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Online health insurance marketplace is an opportunity and a challenge for small businesses



Last modified: Thursday, December 24, 2015
Small businesses in New Hampshire are facing a lot of questions as the federal health insurance marketplace and its evolving rollout enters its fourth year, but it still offers opportunities for cost savings, which is why their participation through the federal online marketplace has increased 15-fold.

“I came here to find out some details,” said Vicki Leduc, human resources manager for Parker Education, who was one of two dozen businesspeople who attended an hourlong session on aspects of the Affordable Care Act held by the Greater Concord Chamber of Commerce on Tuesday morning.

The company, which owns Parker Academy in Concord as well as tutoring and educational consulting services, wouldn’t seem to be in much need for such information. It already provides health insurance purchased through a private broker, and because it has fewer than 50 full-time employees, it isn’t even required to provide coverage under federal guidelines.

Even so, Leduc said it made sense for the company to keep up, because the Affordable Care Act is still being rolled out.

“Things might change,” Leduc said.

Part of the change this year was the launch of the website for the SHOP Marketplace, where small businesses can shop for and buy health insurance packages of different levels offered by four different companies, just as New Hampshire individuals have done for two years.

The website is one of the reasons that the number of companies in New Hampshire getting health insurance through SHOP soared in 2015, from 36 in January to 511 in late December, according to data from the New Hampshire Department of Insurance.

Companies don’t have to use SHOP, but they can obtain insurance to employees through a number of private agents and options.

Bill Davis of Truncellito and Davis Financial Services said one drawback to using SHOP is that it adds bureaucracy.

“It’s one more layer when there is a problem,” said Davis after the Tuesday session given by Jennifer Syria, external affairs specialist at the Centers for Medicare & Medicaid Services. He pointed to a case in which an employee had accidentally typed an incorrect birthday; the problem can no longer be fixed with one phone call, he said.

And despite many online aids developed by the government, such as cost and eligibility calculators and multiple click-through guides, Davis said many business owners still need assistance understanding their risks and requirements.

“I doubt that an employer can navigate all these terms themselves,” he said.

“Our members want to learn more. They want to know how to navigate it, and understand their potential liability,” said Tim Sink, president of the Concord Chamber.

Open enrollment for the health insurance marketplace ends Jan. 31, 2016, which means that most opportunities for payment help, based on employee income, end as well. Individuals and companies face higher penalties in 2016 than they did last year if they don’t have proper health insurance.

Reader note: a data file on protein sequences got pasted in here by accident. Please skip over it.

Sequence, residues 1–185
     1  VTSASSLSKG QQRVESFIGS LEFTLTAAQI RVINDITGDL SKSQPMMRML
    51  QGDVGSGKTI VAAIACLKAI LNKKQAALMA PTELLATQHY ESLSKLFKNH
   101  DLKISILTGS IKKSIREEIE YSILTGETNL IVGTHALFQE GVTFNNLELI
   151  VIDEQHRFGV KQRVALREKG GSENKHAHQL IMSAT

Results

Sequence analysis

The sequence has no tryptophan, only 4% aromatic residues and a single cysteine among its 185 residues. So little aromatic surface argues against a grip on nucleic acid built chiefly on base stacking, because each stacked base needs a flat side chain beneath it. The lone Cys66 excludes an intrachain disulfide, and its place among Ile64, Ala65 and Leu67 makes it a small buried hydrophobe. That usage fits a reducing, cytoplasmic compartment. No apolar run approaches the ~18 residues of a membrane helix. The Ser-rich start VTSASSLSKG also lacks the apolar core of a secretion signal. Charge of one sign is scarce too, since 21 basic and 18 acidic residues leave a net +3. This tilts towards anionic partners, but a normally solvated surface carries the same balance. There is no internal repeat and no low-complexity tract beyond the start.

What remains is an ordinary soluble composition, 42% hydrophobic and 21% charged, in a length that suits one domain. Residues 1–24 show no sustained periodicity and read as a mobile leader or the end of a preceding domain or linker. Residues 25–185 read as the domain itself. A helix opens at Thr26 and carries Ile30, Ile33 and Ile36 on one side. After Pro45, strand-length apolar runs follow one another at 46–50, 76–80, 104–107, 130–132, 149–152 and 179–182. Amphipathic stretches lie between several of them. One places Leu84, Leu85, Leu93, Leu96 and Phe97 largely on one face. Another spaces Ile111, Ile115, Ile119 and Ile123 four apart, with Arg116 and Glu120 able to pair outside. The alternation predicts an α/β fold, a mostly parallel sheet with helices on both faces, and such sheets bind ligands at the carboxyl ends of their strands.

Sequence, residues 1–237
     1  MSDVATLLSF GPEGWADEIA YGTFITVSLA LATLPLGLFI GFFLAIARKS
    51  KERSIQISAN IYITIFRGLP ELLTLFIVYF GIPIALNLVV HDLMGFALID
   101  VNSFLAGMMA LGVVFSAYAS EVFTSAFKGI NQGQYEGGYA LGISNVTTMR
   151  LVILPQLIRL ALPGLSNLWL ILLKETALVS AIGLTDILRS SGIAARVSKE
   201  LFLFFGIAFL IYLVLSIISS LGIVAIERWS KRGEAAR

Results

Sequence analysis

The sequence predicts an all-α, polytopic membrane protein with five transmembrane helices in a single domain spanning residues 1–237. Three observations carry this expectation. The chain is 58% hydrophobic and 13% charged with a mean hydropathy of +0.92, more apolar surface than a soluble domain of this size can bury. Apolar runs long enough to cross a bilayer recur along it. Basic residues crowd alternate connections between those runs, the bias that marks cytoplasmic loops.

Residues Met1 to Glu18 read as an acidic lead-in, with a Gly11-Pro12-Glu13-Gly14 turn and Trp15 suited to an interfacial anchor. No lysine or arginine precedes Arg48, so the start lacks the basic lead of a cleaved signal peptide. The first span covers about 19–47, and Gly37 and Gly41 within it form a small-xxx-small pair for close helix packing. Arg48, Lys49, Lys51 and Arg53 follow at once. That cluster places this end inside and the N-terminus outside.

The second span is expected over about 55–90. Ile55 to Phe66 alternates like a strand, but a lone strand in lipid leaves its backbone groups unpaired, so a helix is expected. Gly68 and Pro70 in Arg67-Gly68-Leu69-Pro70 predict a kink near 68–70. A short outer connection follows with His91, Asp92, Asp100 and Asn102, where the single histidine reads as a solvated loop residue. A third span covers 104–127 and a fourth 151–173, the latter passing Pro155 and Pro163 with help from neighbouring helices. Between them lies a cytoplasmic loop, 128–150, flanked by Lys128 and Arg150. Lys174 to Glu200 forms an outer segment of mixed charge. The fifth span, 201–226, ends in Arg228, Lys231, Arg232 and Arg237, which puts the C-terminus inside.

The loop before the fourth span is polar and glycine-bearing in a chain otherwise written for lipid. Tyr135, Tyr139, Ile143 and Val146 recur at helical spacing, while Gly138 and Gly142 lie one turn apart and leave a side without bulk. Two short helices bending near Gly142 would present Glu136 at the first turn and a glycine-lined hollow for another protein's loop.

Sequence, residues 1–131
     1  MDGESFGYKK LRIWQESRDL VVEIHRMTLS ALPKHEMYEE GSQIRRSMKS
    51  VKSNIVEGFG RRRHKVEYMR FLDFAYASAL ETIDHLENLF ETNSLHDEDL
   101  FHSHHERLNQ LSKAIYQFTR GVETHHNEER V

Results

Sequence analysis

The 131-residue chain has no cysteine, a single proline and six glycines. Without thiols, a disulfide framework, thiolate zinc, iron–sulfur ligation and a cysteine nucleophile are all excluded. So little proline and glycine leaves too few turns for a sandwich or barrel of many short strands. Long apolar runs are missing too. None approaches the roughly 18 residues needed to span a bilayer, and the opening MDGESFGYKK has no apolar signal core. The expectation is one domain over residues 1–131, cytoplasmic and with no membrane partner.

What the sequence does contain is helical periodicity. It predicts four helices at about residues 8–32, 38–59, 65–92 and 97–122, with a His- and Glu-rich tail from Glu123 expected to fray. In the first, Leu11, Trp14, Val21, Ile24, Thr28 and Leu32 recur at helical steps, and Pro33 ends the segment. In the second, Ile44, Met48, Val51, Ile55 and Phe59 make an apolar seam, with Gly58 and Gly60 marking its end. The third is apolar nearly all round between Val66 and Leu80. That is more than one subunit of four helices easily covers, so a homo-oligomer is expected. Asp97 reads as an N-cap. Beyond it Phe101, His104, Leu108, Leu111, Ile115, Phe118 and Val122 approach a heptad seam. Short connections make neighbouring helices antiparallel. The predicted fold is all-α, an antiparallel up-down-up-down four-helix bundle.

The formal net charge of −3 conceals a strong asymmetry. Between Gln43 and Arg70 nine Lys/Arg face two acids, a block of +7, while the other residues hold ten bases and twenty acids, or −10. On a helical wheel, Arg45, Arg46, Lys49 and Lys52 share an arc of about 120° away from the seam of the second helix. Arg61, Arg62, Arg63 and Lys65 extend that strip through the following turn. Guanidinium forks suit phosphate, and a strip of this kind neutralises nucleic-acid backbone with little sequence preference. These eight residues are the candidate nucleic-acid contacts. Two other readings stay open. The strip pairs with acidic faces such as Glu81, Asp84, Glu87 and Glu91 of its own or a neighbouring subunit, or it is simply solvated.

A big difference in 2016 is that firms with 51 to 99 employees must now provide employees who work at least 30 hours a week with access to affordable health insurance and assist with premiums, and can be penalized if not enough of them – usually 75 percent – sign up within 60 days. Previously, that rule only affected firms with 100 or more full-time employees.

Another difference is that companies can offer plans from more than one of the four companies that sell policies through the federal marketplace in New Hampshire. This can be particularly valuable for firms with multiple offices, because different firms’ health networks may be more appealing in different parts of the state.

That’s important in New Hampshire, a small state where it’s not uncommon for employees to commute in from different states, Syria said.

“That’s a huge benefit to you and your employees,” she said.

Syria admitted that the system isn’t always easy to understand. For example, there are circumstances in which the definition of affordable health insurance is a premium that costs 8 percent of a person’s income, and circumstances in which the definition is a premium that costs 9½ percent.

There was also uncertainty about whether employers must pay a portion of coverage for spouses of employees. This year, they must help cover costs for employees’ minor children, but not their married spouses.

Still, Syria said that her travels across New Hampshire have found many small businesses feel the need to help their employees get health insurance as an incentive to hire and keep workers.

By contrast, she pointed to more rural areas of Maine, where lower-paid employees often bought their own insurance through the federal marketplace because they would get tax incentives.



(David Brooks can be reached at 369-3313, dbrooks@cmonitor.com, or on Twitter @GraniteGeek.)